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New law on CrPC: HM, MPs express concern over police powers
NEW DELHI, AUG 27 (PTI/AGENCIES):
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Published on 28 Aug. 2010 12:17 AM IST
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Members in the Rajya Sabha, including from the ruling Congress, on Friday expressed grave concern over “dangerous powers” being given to the police through an amendment to the Code of Criminal Procedure Act.
Participating in a debate on the bill, members across different parties, said the new law would give excessive and arbitrary powers to the police.
The Code of Criminal Procedure (Amendment) Bill, 2010 is aimed at making it compulsory for the police to record the reasons for making as well as not making an arrest in respect of a cognizable offence for which the maximum punishment is up to seven years.
The Lok Sabha has already approved the bill.
“I feel very very dangerous powers are given to the police,” EM Sudarasana Natchiappan (Congress) said. He said provisions in the proposed law would leave scope for “plea bargaining” by the police.
Natchiappan, an eminent lawyer, said the Constitution provides citizens a right of silence which should be protected. Police would take away this right, he said.
Agreeing with the Congress member, KN Balagopal (CPI-M) said though the proposed amendment in the CrPC is “technically good and correct”, it can work only in “laboratory conditions”. It would give arbitrary powers to the police, he said.
Avinash Rai Khanna (BJP) said though the intention behind the amendment bill is good, there were practical difficulties to avoid misuse of powers given to the police. Similar concerns were expressed by Narendra Kumar Kashyap (BSP).
A comprehensive law on Code of Criminal Procedure will be brought within a year as the Code had become “very old”, home minister P Chidambaram said in the Rajya Sabha today.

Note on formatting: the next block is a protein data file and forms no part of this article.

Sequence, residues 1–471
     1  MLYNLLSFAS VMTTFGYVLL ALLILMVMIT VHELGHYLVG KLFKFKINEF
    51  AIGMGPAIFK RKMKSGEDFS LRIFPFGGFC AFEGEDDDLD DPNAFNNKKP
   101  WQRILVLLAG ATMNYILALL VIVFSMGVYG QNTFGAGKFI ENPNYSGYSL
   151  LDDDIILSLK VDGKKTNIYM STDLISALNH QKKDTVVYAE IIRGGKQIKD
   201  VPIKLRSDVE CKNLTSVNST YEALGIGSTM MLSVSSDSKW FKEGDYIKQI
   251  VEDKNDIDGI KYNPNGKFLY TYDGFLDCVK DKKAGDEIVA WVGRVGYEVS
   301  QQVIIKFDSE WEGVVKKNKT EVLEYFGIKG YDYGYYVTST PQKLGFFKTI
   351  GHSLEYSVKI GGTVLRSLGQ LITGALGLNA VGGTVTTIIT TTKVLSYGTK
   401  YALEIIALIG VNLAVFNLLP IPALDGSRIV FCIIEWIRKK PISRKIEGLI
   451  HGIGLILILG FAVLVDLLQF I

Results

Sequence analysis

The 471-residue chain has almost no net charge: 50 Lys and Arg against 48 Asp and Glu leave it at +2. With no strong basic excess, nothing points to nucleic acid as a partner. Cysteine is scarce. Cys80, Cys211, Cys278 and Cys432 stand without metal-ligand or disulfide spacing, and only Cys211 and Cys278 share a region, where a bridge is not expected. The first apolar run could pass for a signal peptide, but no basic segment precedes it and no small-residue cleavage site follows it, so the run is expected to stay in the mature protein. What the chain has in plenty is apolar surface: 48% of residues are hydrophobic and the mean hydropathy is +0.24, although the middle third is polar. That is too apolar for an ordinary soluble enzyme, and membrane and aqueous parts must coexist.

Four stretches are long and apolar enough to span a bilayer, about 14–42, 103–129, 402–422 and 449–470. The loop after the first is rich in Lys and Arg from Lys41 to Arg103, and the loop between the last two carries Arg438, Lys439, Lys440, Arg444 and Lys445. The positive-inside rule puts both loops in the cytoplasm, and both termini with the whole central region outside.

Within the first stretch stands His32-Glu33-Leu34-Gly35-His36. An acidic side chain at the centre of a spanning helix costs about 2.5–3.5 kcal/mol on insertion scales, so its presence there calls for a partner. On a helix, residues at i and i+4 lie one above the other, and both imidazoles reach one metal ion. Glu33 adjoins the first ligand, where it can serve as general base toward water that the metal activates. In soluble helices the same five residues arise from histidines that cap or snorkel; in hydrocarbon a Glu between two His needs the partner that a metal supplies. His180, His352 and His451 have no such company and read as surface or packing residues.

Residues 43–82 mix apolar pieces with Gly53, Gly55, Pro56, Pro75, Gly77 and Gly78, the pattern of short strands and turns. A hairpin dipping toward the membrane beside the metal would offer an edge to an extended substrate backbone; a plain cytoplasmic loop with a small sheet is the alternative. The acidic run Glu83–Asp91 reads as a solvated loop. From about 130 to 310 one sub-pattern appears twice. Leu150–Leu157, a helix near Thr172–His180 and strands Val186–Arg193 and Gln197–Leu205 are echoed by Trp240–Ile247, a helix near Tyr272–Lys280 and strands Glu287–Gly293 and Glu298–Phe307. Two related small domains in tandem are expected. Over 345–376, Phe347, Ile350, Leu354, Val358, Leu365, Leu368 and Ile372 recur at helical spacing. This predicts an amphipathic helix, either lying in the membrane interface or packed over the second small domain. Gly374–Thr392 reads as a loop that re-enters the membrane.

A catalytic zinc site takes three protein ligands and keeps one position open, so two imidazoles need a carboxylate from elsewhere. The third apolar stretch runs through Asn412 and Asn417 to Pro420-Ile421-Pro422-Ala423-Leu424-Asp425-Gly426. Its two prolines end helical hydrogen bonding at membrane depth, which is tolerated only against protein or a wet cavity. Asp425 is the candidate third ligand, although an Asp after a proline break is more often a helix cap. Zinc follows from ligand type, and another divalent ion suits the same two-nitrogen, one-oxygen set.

“I agree that there should not be a piecemeal approach. I have written to the Law Minister to have a comprehensive legislation on this. The report of the Law Commission (on the Code) should come in a year,” he said. Chidambaram was replying to a debate on the Code of Criminal Procedure (Amendment) Bill, 2010 which was passed by the House by voice vote.
The Home Minister said the present legislation came in 1973 and has become “very old”. The bill is aimed at making it compulsory for the police to record the reasons for making as well as not making an arrest in respect of a cognizable offence for which the maximum punishment is up to seven years.
Prior to the amendment to Section 41 of the CrPC Act, the law said a police officer “may” record reasons of arrest or non-arrest of a person. According to the amended bill, if a person is not arrested in a non-cognizable offence, police will have to issue notice to him to join investigations. The amendment, making it mandatory to issue notice for joining the investigation, is to ensure that the person does not delay the probe by not cooperating.
Chidambaram said the Code of Criminal Procedure has already been amended but was not notified as some Bar councils had made a representation in this regard. The Home Minister said he met representatives of Bar Councils and wrote to the Chairman of the Law Commission in this context.
“It is not an expansion of discretion (of police officials) but a restriction on discretion,” he said. He also said a person arrested can go to court and say that the reason of arrest is absurd and get bail. Chidambaram said if a person fails to comply with the notice (of the investigating agency) or is unwilling to identify himself and give his name and address, he will be arrested on the spot.

 
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